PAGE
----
The start of 2016 has been a rocky road for all risk markets. This week’s chart depicts how much of the move between the end of 2015 and the market’s recent bottom, which occurred on February 11, 2016, has been retraced. The S&P 500 and Dow Jones Industrial Average indices have, over the past four weeks, retraced 90% and 88% of the move over the first six weeks of the year, while corporate spreads have not only recouped their losses but have now tightened on a year-to-date basis. Meanwhile, commercial mortgage backed securities (CMBS) cash markets have remained largely unchanged.
Why have corporate spreads snapped tighter over the past month while CMBS spreads have been slow to follow? The announcement by the European Central Bank (ECB) last week to expand its Asset Purchase Program to include European non-financial corporate bonds provided a further positive technical indicator for the credit risk markets, causing corporate spreads to tighten further. However, ongoing liquidity and regulatory concerns in the structured products market, particulary CMBS, has led to material underperformance of the asset class.
In my view, the recent dislocation provides an opportunity to gain commercial real estate exposure at historically wide spread levels. Commercial real estate fundamentals remain favorable across most major property types. Moreover, loan performance has benefited from positive net operating income growth, low interest rates, limited construction and rising/steady property values over the past year.
Key Takeaway: Global macro volatility helped drive risk markets wider in early 2016, creating opportunities for investors. While we have seen several weeks of improving conditions in the credit markets, technical headwinds have caused the CMBS market to lag. My preference is towards higher quality deals rated A- or better, which trade at levels well wide of corporates and are adequately protected from losses.
The material provided here is for informational use only. The views expressed are those of the author, and do not necessarily reflect the views of Penn Mutual Asset Management.
This material is for informational use only. The views expressed are those of the author, and do not necessarily reflect the views of Penn Mutual Asset Management. This material is not intended to be relied upon as a forecast, research or investment advice, and it is not a recommendation, offer or solicitation to buy or sell any securities or to adopt any investment strategy.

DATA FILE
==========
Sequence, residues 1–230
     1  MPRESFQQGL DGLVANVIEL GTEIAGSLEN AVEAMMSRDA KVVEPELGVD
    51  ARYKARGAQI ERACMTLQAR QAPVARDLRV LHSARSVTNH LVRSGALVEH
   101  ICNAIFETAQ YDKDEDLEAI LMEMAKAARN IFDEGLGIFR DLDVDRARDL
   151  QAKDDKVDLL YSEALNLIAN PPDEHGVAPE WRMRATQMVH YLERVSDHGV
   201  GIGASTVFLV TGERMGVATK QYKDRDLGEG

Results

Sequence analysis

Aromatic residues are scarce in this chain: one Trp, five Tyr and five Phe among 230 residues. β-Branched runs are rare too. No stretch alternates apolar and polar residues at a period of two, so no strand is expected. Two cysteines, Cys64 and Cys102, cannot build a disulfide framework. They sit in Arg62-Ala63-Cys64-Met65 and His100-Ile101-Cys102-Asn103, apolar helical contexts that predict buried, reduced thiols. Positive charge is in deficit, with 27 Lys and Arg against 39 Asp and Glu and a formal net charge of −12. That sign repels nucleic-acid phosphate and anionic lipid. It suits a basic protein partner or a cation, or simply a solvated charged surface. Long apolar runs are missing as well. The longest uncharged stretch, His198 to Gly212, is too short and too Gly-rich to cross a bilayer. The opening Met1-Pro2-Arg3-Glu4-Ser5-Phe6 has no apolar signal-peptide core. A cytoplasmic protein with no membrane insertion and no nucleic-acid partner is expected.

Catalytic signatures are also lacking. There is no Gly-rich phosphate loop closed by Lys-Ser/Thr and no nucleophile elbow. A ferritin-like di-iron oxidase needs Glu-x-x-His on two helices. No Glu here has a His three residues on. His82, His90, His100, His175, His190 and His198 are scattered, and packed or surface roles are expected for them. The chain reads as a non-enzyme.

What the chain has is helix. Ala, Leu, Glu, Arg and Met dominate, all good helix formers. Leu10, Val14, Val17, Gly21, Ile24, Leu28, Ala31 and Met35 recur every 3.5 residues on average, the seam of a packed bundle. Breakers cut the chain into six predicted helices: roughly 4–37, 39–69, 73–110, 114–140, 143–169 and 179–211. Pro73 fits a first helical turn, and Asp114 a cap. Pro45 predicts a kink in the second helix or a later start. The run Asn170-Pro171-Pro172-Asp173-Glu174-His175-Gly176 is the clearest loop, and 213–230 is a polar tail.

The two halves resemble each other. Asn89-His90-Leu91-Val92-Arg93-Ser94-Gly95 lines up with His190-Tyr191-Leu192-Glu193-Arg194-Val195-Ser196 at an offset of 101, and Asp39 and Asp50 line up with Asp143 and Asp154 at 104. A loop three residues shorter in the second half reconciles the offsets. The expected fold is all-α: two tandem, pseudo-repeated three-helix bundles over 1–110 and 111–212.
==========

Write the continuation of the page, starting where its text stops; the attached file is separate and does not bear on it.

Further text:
Opinions and statements of financial market trends that are based on current market conditions constitute judgment of the author and are subject to change without notice. The information and opinions contained in this material are derived from sources deemed to be reliable but should not be assumed to be accurate or complete. Statements that reflect projections or expectations of future financial or economic performance of the markets may be considered forward-looking statements. Actual results may differ significantly. Any forecasts contained in this material are based on various estimates and assumptions, and there can be no assurance that such estimates or assumptions will prove accurate.
Investing involves risk, including possible loss of principal. Past performance is no guarantee of future results. All information referenced in preparation of this material has been obtained from sources believed to be reliable, but accuracy and completeness are not guaranteed. There is no representation or warranty as to the accuracy of the information and Penn Mutual Asset Management shall have no liability for decisions based upon such information.
High-Yield bonds are subject to greater fluctuations in value and risk of loss of income and principal. Investing in higher yielding, lower rated corporate bonds have a greater risk of price fluctuations and loss of principal and income than U.S. Treasury bonds and bills. Government securities offer a higher degree of safety and are guaranteed as to the timely payment of principal and interest if held to maturity.
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